Max Ruml Wins Fourth Industry Speedway Feature

| 6 October 2017 12:34 pm

Industry Racing
Industry Hills Expo Center

Story by Tim Kennedy
File Photos by Clark Oden/Race Day Images

Max Ruml was victorious once again at Industry Speedway!

Max Ruml was victorious once again at Industry Speedway!

Max Ruml, 20, won his fourth AMA 500cc First Division main event this season on Wednesday, August 16, in Industry Speedway’s Grand Arena. About 550 persons attended. The talented speedway star from Huntington Beach, California, has won four of 10 Industry features so far this season. He rode his number-five GM to victory in a flag-to-flag, pace-setting ride from pole position in the final event of a 37-race evening.

The event was the second annual Ray “Junior” Kurtz Memorial Cup, in honor of the late USAC open-wheel car owner, speedway-bike financial backer, and owner of nationwide bulk hauler Plastic Express Trucking, headquartered in the City of Industry. He lost his battle with cancer at age 73 on March 1, 2016. The Kurtz family continues to support speedway racing at Industry. Ray’s widow, Michelle, and stepson Ray Hufnager attended this event and participated in the main-event trophy presentations.

For the second consecutive year, a distinctive and coveted racing helmet, painted by famed racing artist Troy Lee of Troy Lee Designs, was mounted on a stunning base. A colorful replica helmet in a see-through plastic enclosure went to feature winner Ruml. His name will be etched on a metal plaque affixed to the base of the perpetual Junior Kurtz Trophy. Billy Janniro won the inaugural Kurtz trophy last August.

Broc Nicol, winner of the third of four rounds for the 2017 AMA Speedway National Championship the previous Saturday at Industry, finished a close second. He started from the outside lane, next to the wall. The Lomita, California, resident raced the high line for all four laps, trying to overtake Ruml. However, Nicol, 19, fell one bikelength short on his number-four GM.

Impressive high-point rider Gino Manzares won all three of his heat races for the only perfect nine-point score. A day after celebrating his 24th birthday, Manzares started second and finished third, one bikelength in back of Nicol.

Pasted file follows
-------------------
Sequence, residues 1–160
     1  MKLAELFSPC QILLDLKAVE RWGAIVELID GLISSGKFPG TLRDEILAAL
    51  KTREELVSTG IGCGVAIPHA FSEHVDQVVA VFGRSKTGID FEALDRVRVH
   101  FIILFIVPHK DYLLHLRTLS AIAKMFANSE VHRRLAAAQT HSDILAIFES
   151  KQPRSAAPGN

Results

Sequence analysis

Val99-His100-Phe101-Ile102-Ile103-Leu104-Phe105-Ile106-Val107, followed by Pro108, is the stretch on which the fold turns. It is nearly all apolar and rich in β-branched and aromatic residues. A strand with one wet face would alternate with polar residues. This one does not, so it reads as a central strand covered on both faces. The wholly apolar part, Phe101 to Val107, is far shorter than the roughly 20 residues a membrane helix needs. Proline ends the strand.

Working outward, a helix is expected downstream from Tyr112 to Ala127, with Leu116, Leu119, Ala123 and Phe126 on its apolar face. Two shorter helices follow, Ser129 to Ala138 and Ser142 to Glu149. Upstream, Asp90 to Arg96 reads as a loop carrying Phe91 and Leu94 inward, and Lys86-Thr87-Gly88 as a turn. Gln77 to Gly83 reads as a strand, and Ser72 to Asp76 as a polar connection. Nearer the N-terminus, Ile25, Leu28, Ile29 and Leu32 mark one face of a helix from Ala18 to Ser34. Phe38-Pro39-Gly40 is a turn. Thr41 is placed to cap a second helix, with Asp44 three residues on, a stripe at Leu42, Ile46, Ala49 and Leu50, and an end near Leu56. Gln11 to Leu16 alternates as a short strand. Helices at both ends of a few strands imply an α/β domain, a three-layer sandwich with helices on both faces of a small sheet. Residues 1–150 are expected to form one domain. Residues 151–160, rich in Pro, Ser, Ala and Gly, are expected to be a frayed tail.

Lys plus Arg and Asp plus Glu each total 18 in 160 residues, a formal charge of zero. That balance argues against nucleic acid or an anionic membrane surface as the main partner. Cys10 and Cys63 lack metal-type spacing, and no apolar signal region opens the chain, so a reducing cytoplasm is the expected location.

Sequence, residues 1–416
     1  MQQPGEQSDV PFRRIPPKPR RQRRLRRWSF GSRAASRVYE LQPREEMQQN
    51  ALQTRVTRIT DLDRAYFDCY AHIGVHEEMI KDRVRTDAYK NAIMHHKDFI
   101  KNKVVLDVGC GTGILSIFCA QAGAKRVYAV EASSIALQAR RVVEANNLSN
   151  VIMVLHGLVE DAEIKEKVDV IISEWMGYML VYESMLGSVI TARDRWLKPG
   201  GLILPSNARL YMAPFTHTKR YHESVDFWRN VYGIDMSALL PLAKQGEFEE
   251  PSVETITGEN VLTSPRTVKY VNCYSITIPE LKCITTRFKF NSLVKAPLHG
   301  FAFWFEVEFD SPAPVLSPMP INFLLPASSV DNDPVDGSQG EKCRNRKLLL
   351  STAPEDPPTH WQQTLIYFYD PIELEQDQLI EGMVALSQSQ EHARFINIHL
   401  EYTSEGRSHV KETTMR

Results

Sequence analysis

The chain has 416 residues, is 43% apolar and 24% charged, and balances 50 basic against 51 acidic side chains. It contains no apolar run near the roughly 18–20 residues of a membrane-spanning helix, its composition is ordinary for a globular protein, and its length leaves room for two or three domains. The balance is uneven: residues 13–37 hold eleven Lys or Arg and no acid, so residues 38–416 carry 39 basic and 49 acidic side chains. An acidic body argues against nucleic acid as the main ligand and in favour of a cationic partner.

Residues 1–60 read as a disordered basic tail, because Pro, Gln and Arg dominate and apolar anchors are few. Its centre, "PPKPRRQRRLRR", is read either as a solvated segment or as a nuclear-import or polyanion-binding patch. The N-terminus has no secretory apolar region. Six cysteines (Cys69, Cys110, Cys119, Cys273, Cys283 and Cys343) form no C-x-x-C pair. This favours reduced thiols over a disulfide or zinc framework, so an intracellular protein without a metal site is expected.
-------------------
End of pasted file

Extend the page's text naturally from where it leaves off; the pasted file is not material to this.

Max’s younger brother Dillon Ruml, 18, slid to the ground in the third turn on the first lap. He was excluded from the complete restart and placed fourth.

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Two Scratch semifinals for the eight high-point riders in a field of 13 500cc Division One riders were events 27 and 28.

In the first semi, Nicol led all the way, over runner-up Manzares. Aaron Fox and Shawn McConnell followed.

Max started from the outside lane and led every lap in the second semi, over his younger brother Dillon. Tyson Burmeister and Austin Novratil placed third and fourth, respectively.

Novratil, 22, led all four laps of the consolation race (event 36) from the outside lane. Veteran speedway racer McConnell, from nearby Brea, and recently “unretired” Burmeister, 33, placed second and third, respectively. Fox scratched from the consi.

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Following the 26 heat races and prior to the D1 semi, two of the Wally Pankratz Racing USAC Ford Focus midgets made their annual appearance on the eighth-mile dirt track.

One driver was former winning Junior Division 250cc speedway rider Courtney Crone, 16, who has raced a full midget in USAC Midget and BCRA Midget events this season. She currently ranks fourth in USAC Western Series points prior to her next race, which would be held on August 19 in Santa Maria, California. She drove the light-and-dark green number-98 rig.

Max Ruml drove the dark-blue-and-white number-37 midget that Janniro drove in a “match race” with Crone at Industry last year. Sonny Nutter drove it at Industry in 2015. Max ran 30 to 40 practice laps at Industry a night earlier to prepare for his midget debut in a 10-lap exhibition race with Crone. Max took the green flag half a lap in front of Crone.

Both drivers ran fast, error-free laps. Max took the checkered flag first, but Crone had cut into his advantage by half a straightaway. Last year, she started half a lap behind Janniro and almost caught his midget after 10 laps.

Later, Max said he would love to race a midget against other midgets in a sanctioned event on a larger track. Maybe midget car owners 2000 USAC Western Series Champion Pankratz or 2005-06 USAC Western Midget Champion Jerome Rodela could arrange that for Max. Rodela has three midgets and USAC has upcoming races in Ventura (slated for September 16, October 28 and November 23), plus races in Bakersfield (slated for September 30 and November 18).

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Six 1,000cc sidecars raced in three heats for points. The two highest teams in points went directly to the feature. The other four teams raced a last-chance qualifier that advanced the top two finishing teams to the feature. Paraplegic Bryan Motis & his number-four Suzuki sidecar “swinger” Johnny Bach led all four laps from the outside starting position. It was their second Industry triumph this season.

Bryan Motis & Johnny Bach hefted the checkers after the Sidecar main event.

Bryan Motis & Johnny Bach hefted the checkers after the Sidecar main event.